Blending fashion with function
VAIL Though once the province of James Bond and Jean-Claude Killy alike, in recent years the snowsuit has lacked a certain sex appeal. Relegated to the toddler department and 80s movies, the pant-parka combo was an assault especially on the female figure that seemed to have seen its time.But this ski season, several major labels are betting they can convince women to rock the one-piece and actually look good in it: Tailored to hug womens curves and designed with technical features, the once-piece makes a triumphant return to retail stores this season after creeping out of the shadows a few years ago.Theyre really on an upswing, said Jay Madrid, store manager at Billabong in Vail. Years and years of: You cant have a one-piece, its so 80s are over as youths embrace the trend, he said. Its functional and fun. Its obviously not something youre going to wear every day.Available in modern prints like a flirty camouflage and chocolate brown with subtle stripes, the one-pieces have been tempting shoppers for two weeks from their perch at the front of the store.Although one customer already snapped up a $300 pant-parka combo, others remain skeptical.I would never buy this one because I cant move in it, explained 24-year-old Saskia Frenzel, a German native who is temporarily living in Vail.Bypassing the one-pieces, Frenzel and her friend 23-year-old Janina Buttmann opted for jackets. They took home Billabongs chocolate brown tweed coat with fake fur hood and matching tassles, along with a plaid jacket.Its not the usual skiing wear, Frenzel said. I think a few years ago, you can buy the jackets just for skiing. This one you can wear with boots or to go out.Some customers may skip the one-piece because it lacks versatility, but women who crave warmth might gravitate to it. Unlike parka-pant separates, they leave no crevices where body heat can escape.Theyre superwarm, said Clark Wilkinson, retail manager of Vail Mountain Adventure Center in Vail. You dont get snow down your back or snow down your pants.The store carries a limited edition Roxy one-piece in tan with olive green insignia print for $320.The downside is that it is that unique, Wilkinson said. You have to be willing to stand out in them out on the mountain. You have to accept everyone staring at you because you have something really strange on.
For the less daring, stores are stocking a range of new garments from the well-known brands. More than ever before, the big boys are finding ways to meld fashion with technical proficiency, retailers say.Volcom riding hoodies promise to make a splash at Vail Mountain Adventure Center, which opens for the season Nov. 1, Wilkinson said. Unlike the cotton hoodies of yore, which soak up water, the sweatshirts are made almost entirely of polyester to deflect moisture.Although practical, the hoodies maintain Volcoms anti-establishment vibe. A $52 womens Disengage Hydrophobic Ziphood keeps it edgy with a green-and-brown-striped sweatshirt with pink-and-white polka dot hood lining.From The North Face camp, a furry fleece is so soft, customers are petting it all the way home.Before the staff knew the technical name for the garment, they referred to it as bear fur, Wilkinson said. (They are not actually made with fur.) Available in plum, icy blue and black, the roughly $80 pieces are so popular with women, members of a wine club threatened to buy the plum color in all sizes and have their names embroidered on them.For men, a black Summit Series parka offers top quality but at top prices. The $549 Gortex jacket features taped seams, taped zipper pockets and a built-in GPS transponder designed to aid in avalanche rescues.Also keeping with the technical theme, the store stocks a $300 Marmot shell with welded seams in black and gray or orange. Meanwhile, Oakley is representing with a variety of shells with detachable liners.They kind of chilled out on their name, Wilkinson said. Last year they had Oakley printed everywhere and some people dont want to be flashing the name everywhere they go.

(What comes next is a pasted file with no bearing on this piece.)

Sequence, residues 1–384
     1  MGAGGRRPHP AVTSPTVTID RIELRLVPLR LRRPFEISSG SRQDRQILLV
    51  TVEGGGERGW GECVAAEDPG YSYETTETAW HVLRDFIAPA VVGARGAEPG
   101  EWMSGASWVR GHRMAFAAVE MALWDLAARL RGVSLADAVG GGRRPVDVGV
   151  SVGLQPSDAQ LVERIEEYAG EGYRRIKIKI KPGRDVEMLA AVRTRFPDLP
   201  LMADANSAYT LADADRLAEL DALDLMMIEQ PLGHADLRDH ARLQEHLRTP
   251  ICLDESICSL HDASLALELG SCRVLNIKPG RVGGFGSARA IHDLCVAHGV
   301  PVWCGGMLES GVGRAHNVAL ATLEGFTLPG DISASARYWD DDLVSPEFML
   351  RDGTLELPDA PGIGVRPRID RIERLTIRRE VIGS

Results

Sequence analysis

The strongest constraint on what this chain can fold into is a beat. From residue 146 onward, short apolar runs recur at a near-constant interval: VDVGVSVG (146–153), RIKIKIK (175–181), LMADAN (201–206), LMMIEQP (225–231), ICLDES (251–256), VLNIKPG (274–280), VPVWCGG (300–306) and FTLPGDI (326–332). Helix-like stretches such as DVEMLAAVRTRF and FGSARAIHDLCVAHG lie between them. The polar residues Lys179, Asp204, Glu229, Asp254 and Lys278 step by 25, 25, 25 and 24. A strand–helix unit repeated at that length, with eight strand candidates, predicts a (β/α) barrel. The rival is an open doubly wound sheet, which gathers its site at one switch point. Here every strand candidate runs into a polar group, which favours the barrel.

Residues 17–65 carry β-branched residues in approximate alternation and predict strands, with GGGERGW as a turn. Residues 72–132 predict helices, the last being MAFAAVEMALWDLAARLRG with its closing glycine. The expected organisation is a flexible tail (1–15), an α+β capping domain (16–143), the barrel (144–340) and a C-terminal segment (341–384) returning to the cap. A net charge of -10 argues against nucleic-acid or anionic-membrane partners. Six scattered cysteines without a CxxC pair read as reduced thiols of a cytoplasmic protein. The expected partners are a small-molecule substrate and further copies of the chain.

No matter what name designers are dropping, there is a sense they are getting down to business.The biggest trend weve been having is less fashion and more technical, said Aimee Sedgwick, sportsgoods supervisor at Christy Sports in Avon. The store ushered in a line of water-resistant fleeces from Arcteryx. But just because this seasons styles are functional doesnt mean they lack bells and whistles: The fur-lined hood maintains its foothold in womens fashion, plaid is popular and knit beanies with built-in headphones for mp3 players continue to gain momentum.An unexpected and formerly drab color now owns the spotlight on the slopes: chocolate brown.Its elegant, its timeless its almost like the new black, said Kellie Dexter, manager of Pepi Sports Ski Shop & Boutique.The boutique carries a ladies Spyder Crystal jacket in coco brown with black fox fur.Despite the offerings from area shops, customers who strive for style on the slopes face significant obstacles. A majority of shops in the village remain closed for the off-season, making it tough to score edgy gear early, and even die-hard shoppers complain about cash flow.Mike Salsman, a 27-year-old snowboarder from Colorado Springs, browsed Village shops Tuesday in hopes of replacing his torn-up gear, which took a beating last season.I hit a lot of trees, he explained. Im not a professional. You know what I mean.Although he found the jackets at Billabong enticing, the price tags threw him off.I liked a lot of things in there but theyre pretty expensive, he said. I saw a jacket for $200. I thought, Wow, Im going to look for something a little less. Granted, its good quality equipment.Arts & Entertainment Writer Sarah Mausolf can be reached at 748-2938 or firstname.lastname@example.org.